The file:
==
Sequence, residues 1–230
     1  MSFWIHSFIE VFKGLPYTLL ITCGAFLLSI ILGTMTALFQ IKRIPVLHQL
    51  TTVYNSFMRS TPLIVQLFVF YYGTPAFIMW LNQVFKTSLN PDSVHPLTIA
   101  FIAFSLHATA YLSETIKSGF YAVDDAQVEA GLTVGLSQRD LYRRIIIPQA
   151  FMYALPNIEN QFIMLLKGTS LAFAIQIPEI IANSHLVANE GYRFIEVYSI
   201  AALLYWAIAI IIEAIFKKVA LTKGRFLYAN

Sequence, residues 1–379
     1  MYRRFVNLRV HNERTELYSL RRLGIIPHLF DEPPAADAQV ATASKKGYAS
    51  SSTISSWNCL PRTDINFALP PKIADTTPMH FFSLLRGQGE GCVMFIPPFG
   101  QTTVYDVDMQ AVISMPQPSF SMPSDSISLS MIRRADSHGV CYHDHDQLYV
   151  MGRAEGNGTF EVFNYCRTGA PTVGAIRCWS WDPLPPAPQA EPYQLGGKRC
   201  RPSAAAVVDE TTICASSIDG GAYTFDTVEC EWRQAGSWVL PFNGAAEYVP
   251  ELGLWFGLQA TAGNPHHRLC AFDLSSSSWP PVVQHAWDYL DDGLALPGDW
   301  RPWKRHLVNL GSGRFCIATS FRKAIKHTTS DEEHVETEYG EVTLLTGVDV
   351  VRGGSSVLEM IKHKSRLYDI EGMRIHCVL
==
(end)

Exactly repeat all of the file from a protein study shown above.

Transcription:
Sequence, residues 1–230
     1  MSFWIHSFIE VFKGLPYTLL ITCGAFLLSI ILGTMTALFQ IKRIPVLHQL
    51  TTVYNSFMRS TPLIVQLFVF YYGTPAFIMW LNQVFKTSLN PDSVHPLTIA
   101  FIAFSLHATA YLSETIKSGF YAVDDAQVEA GLTVGLSQRD LYRRIIIPQA
   151  FMYALPNIEN QFIMLLKGTS LAFAIQIPEI IANSHLVANE GYRFIEVYSI
   201  AALLYWAIAI IIEAIFKKVA LTKGRFLYAN

Sequence, residues 1–379
     1  MYRRFVNLRV HNERTELYSL RRLGIIPHLF DEPPAADAQV ATASKKGYAS
    51  SSTISSWNCL PRTDINFALP PKIADTTPMH FFSLLRGQGE GCVMFIPPFG
   101  QTTVYDVDMQ AVISMPQPSF SMPSDSISLS MIRRADSHGV CYHDHDQLYV
   151  MGRAEGNGTF EVFNYCRTGA PTVGAIRCWS WDPLPPAPQA EPYQLGGKRC
   201  RPSAAAVVDE TTICASSIDG GAYTFDTVEC EWRQAGSWVL PFNGAAEYVP
   251  ELGLWFGLQA TAGNPHHRLC AFDLSSSSWP PVVQHAWDYL DDGLALPGDW
   301  RPWKRHLVNL GSGRFCIATS FRKAIKHTTS DEEHVETEYG EVTLLTGVDV
   351  VRGGSSVLEM IKHKSRLYDI EGMRIHCVL